I recently bought an ErgoDox EZ keyboard. The learning curve is quite steep; not only does the split design take some getting used to, the layout is ortholinear, meaning the rows of keys are not staggered like a normal keyboard, but are arranged in a straight line:
# a typical staggered layout: Q W E R T A S D F G
# an ortholinear layout: Q W E R T A S D F G
Ortholinear really messes with your muscle memory at first, in particular for the top and bottom rows. For example, to type ‘i’ on a staggered keyboard, your middle finger needs to move up and slightly to the left. On an ortholinear layout, you simply move straight up. Move too far to the left, and you might end up with a ‘u’ instead!
I’ve been using Monkeytype regularly for typing pratice, but I wanted a way to specifically retrain my fingers for the new top row/bottom row positioning. I wanted to focus on building good habits and making sure I was always moving straight up and down with each finger instead of reaching when I shouldn’t be. It occurred to me that I could focus my practice on the top and bottom rows more if I had a list of words consisting of only letters from those rows. So, I built one!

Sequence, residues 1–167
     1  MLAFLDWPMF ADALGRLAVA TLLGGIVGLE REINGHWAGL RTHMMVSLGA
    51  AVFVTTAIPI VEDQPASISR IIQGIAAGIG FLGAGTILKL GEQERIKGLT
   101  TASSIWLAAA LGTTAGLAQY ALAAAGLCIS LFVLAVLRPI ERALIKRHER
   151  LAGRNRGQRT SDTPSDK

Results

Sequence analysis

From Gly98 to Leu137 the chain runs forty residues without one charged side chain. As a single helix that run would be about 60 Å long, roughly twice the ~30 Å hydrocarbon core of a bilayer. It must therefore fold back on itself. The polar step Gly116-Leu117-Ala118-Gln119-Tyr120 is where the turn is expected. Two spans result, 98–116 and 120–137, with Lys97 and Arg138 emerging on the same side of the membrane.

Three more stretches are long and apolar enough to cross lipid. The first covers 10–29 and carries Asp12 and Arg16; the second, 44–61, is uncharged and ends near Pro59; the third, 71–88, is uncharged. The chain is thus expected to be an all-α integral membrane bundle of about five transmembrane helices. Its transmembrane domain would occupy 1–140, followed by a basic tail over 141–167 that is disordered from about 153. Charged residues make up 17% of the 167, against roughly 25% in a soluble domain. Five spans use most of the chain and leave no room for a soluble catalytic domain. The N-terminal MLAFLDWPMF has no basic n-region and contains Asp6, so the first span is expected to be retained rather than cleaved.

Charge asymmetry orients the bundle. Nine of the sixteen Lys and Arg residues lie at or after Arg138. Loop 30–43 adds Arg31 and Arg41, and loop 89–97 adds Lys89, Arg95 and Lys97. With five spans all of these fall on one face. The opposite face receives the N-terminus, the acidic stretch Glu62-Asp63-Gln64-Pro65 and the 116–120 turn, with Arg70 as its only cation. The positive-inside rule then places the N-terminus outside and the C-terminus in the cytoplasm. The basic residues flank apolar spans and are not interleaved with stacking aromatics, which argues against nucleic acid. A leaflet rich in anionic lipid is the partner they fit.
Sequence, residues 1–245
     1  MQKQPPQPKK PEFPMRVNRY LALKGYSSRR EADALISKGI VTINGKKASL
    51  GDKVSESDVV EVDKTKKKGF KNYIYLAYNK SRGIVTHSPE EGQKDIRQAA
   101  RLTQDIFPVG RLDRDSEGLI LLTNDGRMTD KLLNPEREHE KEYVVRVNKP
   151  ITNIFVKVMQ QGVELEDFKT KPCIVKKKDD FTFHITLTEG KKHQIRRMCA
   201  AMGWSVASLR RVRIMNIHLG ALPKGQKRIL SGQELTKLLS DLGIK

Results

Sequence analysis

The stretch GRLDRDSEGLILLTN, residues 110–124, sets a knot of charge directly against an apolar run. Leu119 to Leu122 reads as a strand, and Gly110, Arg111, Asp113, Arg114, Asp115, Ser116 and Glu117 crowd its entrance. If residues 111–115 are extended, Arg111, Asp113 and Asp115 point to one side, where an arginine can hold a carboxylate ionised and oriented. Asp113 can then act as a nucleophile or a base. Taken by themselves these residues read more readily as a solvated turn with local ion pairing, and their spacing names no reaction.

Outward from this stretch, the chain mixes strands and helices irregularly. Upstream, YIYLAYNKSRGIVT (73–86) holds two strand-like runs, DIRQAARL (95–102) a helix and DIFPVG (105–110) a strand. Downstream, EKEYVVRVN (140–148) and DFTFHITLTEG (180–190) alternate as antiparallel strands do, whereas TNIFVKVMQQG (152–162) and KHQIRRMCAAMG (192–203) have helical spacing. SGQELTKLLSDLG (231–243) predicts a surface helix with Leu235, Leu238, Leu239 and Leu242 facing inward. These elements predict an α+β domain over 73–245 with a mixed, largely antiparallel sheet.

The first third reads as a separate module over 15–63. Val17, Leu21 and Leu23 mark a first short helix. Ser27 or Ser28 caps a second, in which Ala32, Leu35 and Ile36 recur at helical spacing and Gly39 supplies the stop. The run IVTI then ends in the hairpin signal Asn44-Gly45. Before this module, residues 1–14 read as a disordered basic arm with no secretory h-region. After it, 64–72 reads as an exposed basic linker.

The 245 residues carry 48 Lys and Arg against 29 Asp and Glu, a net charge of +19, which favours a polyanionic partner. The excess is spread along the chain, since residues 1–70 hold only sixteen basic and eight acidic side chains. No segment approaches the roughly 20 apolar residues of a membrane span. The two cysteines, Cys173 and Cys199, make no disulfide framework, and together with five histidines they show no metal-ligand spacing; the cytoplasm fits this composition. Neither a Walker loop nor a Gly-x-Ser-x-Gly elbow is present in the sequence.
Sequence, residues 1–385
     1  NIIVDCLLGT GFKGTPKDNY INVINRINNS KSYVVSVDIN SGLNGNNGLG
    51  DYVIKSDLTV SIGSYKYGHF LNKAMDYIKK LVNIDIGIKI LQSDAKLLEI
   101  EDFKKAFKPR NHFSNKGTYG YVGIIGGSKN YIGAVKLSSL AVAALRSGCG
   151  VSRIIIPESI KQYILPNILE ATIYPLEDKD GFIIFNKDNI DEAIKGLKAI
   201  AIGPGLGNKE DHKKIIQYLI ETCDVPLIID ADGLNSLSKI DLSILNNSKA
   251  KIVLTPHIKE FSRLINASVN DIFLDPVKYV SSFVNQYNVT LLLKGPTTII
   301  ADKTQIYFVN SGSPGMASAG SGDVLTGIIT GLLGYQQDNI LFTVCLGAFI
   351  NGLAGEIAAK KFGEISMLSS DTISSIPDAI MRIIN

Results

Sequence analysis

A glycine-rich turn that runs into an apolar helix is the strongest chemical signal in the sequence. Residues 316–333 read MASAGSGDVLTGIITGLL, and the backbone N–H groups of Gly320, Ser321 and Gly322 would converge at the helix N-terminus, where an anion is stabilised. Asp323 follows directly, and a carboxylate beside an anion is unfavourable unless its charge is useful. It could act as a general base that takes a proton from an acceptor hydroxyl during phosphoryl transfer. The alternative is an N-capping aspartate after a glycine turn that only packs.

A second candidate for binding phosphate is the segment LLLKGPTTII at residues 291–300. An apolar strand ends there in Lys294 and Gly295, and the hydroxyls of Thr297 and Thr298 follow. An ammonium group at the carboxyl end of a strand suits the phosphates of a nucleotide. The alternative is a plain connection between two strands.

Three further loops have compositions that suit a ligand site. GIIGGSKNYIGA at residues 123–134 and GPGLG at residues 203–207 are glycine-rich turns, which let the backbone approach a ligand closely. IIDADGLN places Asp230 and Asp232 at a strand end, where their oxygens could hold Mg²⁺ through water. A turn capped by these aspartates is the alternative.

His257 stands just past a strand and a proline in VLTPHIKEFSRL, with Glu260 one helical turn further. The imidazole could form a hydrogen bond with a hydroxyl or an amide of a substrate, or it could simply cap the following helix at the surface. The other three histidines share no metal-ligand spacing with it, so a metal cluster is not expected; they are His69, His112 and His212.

macOS ships with a dictionary file containing some 230,000+ “words”. You can find it here:
$> cat /usr/share/dict/words | head -n 10 A a aa aal aalii aam Aani aardvark aardwolf Aaron
After a brief Wikipedia detour to learn that an Aardwolf is, in fact, a real creature, I used
grep to filter the list down to only words that were composed of letters from the top and bottom rows:
$> cat /usr/share/dict/words \ | grep -E '^[qwertyuiopzxcvbnm]+$' \ | head -n 10 b be bebeerine bebeeru bebite bebop bebrine bebump becivet becobweb
As strange as some of these words turned out to be, they made an excellent list for practicing ortholinear. I loaded this into Monkeytype and set about typing at a ponderous pace, staring at my hands to ensure I was reaching with the right fingers. So far, so good!